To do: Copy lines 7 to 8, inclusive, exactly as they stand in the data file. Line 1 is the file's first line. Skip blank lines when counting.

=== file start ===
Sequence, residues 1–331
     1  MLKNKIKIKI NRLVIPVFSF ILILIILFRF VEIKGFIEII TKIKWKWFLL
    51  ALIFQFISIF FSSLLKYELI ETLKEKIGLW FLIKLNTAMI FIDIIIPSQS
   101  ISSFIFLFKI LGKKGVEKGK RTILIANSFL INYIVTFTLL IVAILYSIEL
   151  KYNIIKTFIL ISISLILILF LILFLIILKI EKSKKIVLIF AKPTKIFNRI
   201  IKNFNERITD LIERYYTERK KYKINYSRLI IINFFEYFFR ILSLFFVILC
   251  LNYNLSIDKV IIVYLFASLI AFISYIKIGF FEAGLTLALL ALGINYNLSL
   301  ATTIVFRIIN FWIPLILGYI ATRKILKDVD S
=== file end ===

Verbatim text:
   251  LNYNLSIDKV IIVYLFASLI AFISYIKIGF FEAGLTLALL ALGINYNLSL
   301  ATTIVFRIIN FWIPLILGYI ATRKILKDVD S